1. Industrious, busy
2. done with much labor; tedious; wearisome
Etymology: 1600s, from Latin operosus, "laborious, industrius", from opus, "work"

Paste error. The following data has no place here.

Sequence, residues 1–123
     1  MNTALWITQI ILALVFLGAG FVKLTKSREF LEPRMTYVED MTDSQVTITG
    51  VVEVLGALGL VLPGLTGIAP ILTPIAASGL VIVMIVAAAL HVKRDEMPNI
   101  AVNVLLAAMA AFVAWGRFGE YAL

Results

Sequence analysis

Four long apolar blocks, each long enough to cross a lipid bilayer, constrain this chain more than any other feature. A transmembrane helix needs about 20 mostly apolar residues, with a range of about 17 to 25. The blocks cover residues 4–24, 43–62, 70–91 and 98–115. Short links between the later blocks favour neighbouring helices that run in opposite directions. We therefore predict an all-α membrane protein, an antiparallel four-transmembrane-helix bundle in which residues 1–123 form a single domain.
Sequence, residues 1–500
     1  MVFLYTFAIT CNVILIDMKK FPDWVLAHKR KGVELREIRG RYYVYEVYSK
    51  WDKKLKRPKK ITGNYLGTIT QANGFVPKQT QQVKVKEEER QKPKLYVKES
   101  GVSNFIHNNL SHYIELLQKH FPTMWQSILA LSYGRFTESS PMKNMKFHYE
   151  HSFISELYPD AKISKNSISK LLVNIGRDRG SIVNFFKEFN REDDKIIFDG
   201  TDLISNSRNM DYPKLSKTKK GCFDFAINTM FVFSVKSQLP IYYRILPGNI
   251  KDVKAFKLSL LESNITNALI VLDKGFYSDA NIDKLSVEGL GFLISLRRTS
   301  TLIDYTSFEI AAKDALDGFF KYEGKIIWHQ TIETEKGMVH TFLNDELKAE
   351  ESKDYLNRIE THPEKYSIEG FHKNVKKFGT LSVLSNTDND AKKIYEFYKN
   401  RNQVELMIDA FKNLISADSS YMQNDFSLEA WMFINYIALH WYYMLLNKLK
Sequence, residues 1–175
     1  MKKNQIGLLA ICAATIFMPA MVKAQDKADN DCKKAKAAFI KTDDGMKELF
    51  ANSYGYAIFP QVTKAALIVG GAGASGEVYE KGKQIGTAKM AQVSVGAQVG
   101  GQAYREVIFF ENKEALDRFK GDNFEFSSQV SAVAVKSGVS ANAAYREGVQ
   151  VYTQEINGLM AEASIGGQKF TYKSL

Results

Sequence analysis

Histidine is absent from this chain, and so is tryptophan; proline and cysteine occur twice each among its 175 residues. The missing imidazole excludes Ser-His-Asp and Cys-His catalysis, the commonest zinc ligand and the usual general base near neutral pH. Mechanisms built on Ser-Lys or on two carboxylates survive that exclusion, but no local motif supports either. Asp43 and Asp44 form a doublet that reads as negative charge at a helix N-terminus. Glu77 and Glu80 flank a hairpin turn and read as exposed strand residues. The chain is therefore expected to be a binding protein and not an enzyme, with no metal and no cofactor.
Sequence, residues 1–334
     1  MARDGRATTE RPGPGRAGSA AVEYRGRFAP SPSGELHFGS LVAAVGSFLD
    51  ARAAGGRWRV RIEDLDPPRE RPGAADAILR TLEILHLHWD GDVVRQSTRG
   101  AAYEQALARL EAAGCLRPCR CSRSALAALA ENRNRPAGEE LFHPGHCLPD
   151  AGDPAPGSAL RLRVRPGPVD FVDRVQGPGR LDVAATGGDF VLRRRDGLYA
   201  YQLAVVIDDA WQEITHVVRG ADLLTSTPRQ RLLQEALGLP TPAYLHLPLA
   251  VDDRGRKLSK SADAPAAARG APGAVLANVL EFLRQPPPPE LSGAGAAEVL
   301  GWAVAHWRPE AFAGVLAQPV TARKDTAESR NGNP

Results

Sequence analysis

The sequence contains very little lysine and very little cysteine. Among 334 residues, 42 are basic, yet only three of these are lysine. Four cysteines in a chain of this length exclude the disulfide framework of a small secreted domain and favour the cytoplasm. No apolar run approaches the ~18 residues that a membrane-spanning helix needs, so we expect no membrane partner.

As I trolled Google Books in search of an example of the word, I ran across a reference to an operose agriculture, one where all the tilling was done on foot. This reminded me of a running joke a friend and I have regarding "grinding toil" - I think the phrase joined our vocabulary by way of a book explaining the joy of planting one's front yard to grain, then harvesting, milling, and baking the grain to make a loaf of bread. This is an operose method of feeding oneself, which would certainly give one a greater appreciation of the labor involved in generating such a basic item (while also avoiding ergot poisoning), and an understanding of why industrialization became so popular.